|Publication number||US6372732 B1|
|Application number||US 09/554,952|
|Publication date||Apr 16, 2002|
|Filing date||Nov 3, 1998|
|Priority date||Nov 19, 1997|
|Also published as||CA2310632A1, EP1032380A1, EP1032380A4, US6593316, US6924274, US20020160989, US20040048839, WO1999025333A1|
|Publication number||09554952, 554952, PCT/1998/23386, PCT/US/1998/023386, PCT/US/1998/23386, PCT/US/98/023386, PCT/US/98/23386, PCT/US1998/023386, PCT/US1998/23386, PCT/US1998023386, PCT/US199823386, PCT/US98/023386, PCT/US98/23386, PCT/US98023386, PCT/US9823386, US 6372732 B1, US 6372732B1, US-B1-6372732, US6372732 B1, US6372732B1|
|Inventors||Henry A. Lardy, Charles E. Weeks|
|Original Assignee||Humanetics Corporation|
|Export Citation||BiBTeX, EndNote, RefMan|
|Patent Citations (4), Non-Patent Citations (4), Referenced by (12), Classifications (10), Legal Events (12)|
|External Links: USPTO, USPTO Assignment, Espacenet|
This application is a 371 of PCT/US98/23386, filed Sep. 3, 1998, and claims the benefit of U.S. Provisional Application No. 60/066,198, filed Nov. 19, 1997.
This invention broadly relates to treatment strategies for lupus erythematosus. More specifically, the invention relates to prophylactic, ameliorative and curative drug therapies for lupus erythematosus.
Lupus erythematosus is an autoimmune disorder which may, but does not always, affect many different organ systems in an affected individual. Lupus erythematosus (hereinafter “lupus”) may affect the heart, lungs, skin, joints, kidneys, nervous system, lymph gland system, blood cells and/or blood vessels. Certain forms of lupus affect only or predominantly the skin. These forms of lupus are the most visible manifestations of the disease.
The immune system of the body is a complex and elaborate mechanism of protection from foreign substances. The immune system provides resistance to foreign cells and substances (e.g., bacteria or virus) that may cause injury, as well as searching out abnormal cells (e.g., cancerous cells) within the body for destruction. The invading or abnormal cells are neutralized by the immune system humoral and cellular components including lymphocytes, antibodies, mediating (regulating such as lymphokines) systems, and effector (cytotoxic) cells. As an example. the immune system can recognize the invading or abnormal cells (antigens) within the body and produce antibodies (proteins) which attach to the recognized antigens, leading to their removal. Autoimmunity occurs when the immune system produces antibodies to normal cells in the body. This produces inflammation of normal tissue, resulting in damage and loss of function. In other instances, antibodies attach to antigens within the blood plasma to form immune complexes that may be deposited in normal tissue resulting in inflammation and damage.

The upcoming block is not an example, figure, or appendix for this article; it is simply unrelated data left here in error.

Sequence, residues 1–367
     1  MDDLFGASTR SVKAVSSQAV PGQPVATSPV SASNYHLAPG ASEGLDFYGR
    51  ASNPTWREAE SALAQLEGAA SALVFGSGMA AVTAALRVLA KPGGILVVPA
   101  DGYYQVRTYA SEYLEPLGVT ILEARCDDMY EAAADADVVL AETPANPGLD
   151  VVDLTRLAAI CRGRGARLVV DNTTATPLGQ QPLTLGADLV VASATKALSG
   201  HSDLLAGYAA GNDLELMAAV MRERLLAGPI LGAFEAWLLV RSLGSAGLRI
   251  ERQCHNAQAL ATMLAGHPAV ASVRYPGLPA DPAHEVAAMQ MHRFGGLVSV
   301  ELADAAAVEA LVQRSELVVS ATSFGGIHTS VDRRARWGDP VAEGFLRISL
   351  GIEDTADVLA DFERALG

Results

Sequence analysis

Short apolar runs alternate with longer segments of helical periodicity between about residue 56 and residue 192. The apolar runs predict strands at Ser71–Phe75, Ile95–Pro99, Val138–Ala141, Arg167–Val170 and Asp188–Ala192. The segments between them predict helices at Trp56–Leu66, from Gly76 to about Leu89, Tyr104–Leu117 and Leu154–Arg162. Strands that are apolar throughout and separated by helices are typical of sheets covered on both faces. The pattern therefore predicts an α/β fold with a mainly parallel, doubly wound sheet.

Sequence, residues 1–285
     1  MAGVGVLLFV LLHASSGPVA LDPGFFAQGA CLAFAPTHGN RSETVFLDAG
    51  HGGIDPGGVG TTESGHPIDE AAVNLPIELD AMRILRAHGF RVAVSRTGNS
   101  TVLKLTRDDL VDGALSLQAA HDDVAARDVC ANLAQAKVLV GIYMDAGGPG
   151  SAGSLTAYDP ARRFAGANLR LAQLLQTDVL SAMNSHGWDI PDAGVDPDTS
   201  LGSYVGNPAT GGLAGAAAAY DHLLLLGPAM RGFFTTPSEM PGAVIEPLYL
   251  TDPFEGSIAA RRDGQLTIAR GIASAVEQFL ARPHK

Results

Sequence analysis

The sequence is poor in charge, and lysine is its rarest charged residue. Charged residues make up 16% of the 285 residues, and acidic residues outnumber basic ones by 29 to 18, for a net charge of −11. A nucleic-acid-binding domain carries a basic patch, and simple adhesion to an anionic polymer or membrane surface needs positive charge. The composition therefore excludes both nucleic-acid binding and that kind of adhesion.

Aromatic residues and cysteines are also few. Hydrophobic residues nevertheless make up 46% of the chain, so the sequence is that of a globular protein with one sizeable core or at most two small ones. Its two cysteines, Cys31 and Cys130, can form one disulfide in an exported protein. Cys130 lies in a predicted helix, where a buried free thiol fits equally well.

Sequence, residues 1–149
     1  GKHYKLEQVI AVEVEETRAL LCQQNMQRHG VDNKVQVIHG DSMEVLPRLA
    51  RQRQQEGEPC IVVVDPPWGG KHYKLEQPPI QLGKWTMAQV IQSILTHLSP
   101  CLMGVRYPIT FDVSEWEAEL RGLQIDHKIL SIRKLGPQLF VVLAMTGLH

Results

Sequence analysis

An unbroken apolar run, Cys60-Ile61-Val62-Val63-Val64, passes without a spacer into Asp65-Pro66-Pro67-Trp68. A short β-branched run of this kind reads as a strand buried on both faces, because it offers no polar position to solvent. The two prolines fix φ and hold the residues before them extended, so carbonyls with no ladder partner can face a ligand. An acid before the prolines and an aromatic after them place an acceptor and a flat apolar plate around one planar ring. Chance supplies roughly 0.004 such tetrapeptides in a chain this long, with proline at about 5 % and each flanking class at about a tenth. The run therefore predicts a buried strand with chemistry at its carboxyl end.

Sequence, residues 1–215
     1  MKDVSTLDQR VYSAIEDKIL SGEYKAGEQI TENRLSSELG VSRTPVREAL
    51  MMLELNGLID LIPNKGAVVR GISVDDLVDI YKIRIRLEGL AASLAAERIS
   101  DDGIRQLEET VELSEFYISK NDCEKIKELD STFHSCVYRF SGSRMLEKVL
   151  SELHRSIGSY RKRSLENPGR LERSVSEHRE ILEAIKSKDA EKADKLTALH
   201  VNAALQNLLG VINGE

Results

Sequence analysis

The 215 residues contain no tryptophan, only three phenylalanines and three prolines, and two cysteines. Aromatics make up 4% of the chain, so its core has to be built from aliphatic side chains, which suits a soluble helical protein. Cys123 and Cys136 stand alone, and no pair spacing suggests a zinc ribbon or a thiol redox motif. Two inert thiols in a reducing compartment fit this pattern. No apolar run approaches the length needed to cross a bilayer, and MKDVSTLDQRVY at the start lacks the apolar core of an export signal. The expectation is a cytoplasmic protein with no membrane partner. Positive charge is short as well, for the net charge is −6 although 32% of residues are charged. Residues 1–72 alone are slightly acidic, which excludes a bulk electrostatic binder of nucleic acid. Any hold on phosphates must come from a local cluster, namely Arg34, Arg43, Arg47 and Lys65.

Women are more susceptible to lupus than men. Over 90% of lupus patients are females aged 13-40 years. Laboratory tests for the presence of lupus include the LE Cell Test, the Anti-Nuclear Antibody Test, and the test for Anti-DNA-Antibodies. Lupus is, however, often recognized by particular clinical manifestations including: (i) arthritis (occurring in 90-95% of persons with systemic lupus), (ii) skin changes, such as a photosensitive induced “butterfly” rash across the bridge of the nose, across the cheeks and/or beneath the eyes, and/or red, raised and scaly patches, known as discoid lupus, anywhere on the body (occurring in 75-80% of persons with lupus), (iii) hematologic abnormalities, such as anemia, leukopenia, and thrombocytopenia (occurring in about 50% of persons with lupus), (iv) kidney impairment (occurring in about 50% of persons with lupus), (v) heart or lung disease, such as an irritation of the heart or lung lining causing pericarditis or pleurisy (occurring in about 30% of persons with lupus), and (vi) neuropsychiatric changes (occurring in about 10% to 20% of persons with lupus).
Lupus erythematosus can be divided into subsets which may or may not have overlapping characteristics: discoid lupus, subacute cutaneous lupus, drug-induced lupus and systemic lupus. Patients in whom the disease seems to be confined to the skin are differentiated from those with systemic or “disseminated” involvement.